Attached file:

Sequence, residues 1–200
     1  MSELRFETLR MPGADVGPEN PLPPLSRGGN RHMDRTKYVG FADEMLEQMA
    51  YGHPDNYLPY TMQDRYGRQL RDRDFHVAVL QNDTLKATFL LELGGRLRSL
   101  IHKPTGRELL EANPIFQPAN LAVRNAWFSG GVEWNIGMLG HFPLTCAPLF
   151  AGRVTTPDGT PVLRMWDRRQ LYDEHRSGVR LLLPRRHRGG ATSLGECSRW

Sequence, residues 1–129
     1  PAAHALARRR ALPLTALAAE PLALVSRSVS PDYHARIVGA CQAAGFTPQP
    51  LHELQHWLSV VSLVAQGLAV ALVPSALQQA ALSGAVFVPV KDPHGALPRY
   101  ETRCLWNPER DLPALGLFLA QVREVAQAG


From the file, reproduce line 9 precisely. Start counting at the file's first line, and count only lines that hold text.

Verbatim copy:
   101  ETRCLWNPER DLPALGLFLA QVREVAQAG